One of the articles I read this week discussed the role of autonomy in the entrepreneurial orientation construct. Yeah, I know, I lost my wife with that phrase, too. So let me break that set of terms down.
Autonomy basically means self governing. If someone has control over when he works, how he meets his responsibilities, or over what he does at all, then he has some measure of autonomy. Obviously, most self-employed individuals have a high degree of autonomy because they get to choose which customers they sell to, which vendors they buy from, what to charge, what forms of payment to accept, and many other things in the course of running a business. Employees tend to have less autonomy, but businesses with an entrepreneurial orientation might grant more of it. That is the essence of what this paper argues, that autonomy is a component in the entrepreneurial orientation construct. Construct is basically another word for theory or idea. It simply means the area of research focused on EO.
Now perhaps it makes more sense why I put yesterday's post before this one. Understanding the meaning of entrepreneurship in the broader sense that scholars study it helps explain what it means to have an "entrepreneurial orientation." To me, that term means to have an eye towards new opportunities or improvements in existing operations.
So why would autonomy be important to finding new ways to make money or to improving old ones? Think about it. If an employee only does his assigned tasks each day because he has no choice in the matter (for the record, I mean no choice if he wants to remain an employee - no need to point out that everyone has a choice), then what opportunity does he have to share new ways of doing his work? What chance does he have to suggest new products or services to the business? Some measure of autonomy must be granted to give that employee a chance to find new and better ways to do business. Various articles I have read (most of them citing the work of Jeff Covin and various co-authors) point out that businesses with an entrepreneurial orientation tend to outperform competitors. Why might that be true? Because they give employees a chance to share new ideas for doing business. In the mind of Dr. Lumpkin and his co-authors, that opportunity represents means that some measure of autonomy has been granted, and therefore autonomy should be evaluated as a component of the construct.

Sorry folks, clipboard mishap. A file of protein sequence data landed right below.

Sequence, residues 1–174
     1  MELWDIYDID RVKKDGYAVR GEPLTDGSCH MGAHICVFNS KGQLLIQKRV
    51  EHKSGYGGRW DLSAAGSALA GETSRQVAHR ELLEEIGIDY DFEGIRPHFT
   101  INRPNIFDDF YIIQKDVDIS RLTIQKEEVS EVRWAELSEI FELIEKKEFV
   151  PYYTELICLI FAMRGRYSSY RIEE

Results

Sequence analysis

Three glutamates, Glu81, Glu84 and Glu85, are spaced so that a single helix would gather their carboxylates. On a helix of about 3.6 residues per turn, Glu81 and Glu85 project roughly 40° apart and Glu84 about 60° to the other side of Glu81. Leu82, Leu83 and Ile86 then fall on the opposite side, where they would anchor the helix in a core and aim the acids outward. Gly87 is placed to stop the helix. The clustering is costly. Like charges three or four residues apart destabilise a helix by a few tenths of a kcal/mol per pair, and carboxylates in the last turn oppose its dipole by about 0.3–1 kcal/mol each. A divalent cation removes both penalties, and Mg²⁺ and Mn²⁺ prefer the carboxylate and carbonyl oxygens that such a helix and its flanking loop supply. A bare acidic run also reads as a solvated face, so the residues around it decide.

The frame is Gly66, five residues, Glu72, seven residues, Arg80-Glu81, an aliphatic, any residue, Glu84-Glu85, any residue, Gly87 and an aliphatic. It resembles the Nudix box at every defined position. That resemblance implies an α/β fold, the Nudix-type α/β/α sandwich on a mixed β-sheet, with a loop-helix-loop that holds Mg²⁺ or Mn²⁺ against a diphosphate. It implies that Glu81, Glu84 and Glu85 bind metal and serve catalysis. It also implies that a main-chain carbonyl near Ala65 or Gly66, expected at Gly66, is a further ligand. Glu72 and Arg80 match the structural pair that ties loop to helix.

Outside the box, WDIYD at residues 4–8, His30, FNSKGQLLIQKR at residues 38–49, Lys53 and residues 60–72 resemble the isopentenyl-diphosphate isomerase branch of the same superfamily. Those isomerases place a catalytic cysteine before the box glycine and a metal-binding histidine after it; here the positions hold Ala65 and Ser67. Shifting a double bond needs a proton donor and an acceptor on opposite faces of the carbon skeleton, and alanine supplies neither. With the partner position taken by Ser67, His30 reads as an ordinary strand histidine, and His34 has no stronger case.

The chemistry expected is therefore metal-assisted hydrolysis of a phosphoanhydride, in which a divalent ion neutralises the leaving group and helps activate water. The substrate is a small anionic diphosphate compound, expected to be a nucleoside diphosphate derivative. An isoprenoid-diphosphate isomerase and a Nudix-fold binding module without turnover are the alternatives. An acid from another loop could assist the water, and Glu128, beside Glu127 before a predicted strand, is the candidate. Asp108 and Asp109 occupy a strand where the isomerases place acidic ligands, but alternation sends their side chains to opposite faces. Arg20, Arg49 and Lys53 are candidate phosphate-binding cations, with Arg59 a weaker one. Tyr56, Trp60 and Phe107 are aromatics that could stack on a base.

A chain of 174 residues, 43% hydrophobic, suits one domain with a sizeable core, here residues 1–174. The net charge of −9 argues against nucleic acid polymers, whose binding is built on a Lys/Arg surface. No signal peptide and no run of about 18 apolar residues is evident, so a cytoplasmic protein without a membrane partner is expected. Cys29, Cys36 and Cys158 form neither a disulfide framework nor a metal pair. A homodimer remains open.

Anyone still reading? Good. (No, this isn't Sesame Street, I assume the only people still reading will actually read those words... seems logical to me). The movie Office Space actually did a great job of mocking employee/employer relations through the character played by Jennifer Anniston. She had to wear pins to show "flare" (or was it "flair" - both words might work here), but it was her choice what pins she got to wear. One might say she had autonomy in her choice of flare, but not in her choice to have flare. I realize this example is extremely simplified, but at least memories of the movie can give someone a laugh. No, don't go rent it yet. I'm almost finished.
I personally think that having some measure of control over one's own work is empowering. The way many companies describe it is to be an entrepreneur with corporate backers. By granting a measure of autonomy - giving people choices in their work - companies can engender a greater measure of interest in firm performance. Job satisfaction would probably also improve, since most people tend to enjoy the chance to choose what and how they accomplish their responsibilities. I also understand why the paper calls for more research on the role of autonomy. Obviously businesses can't simply tell all employees to do whatever they choose. Some measure of control must be maintained for the sake of order and efficiency. I can add this to my list of subjects that interest me as I prepare to head back to school.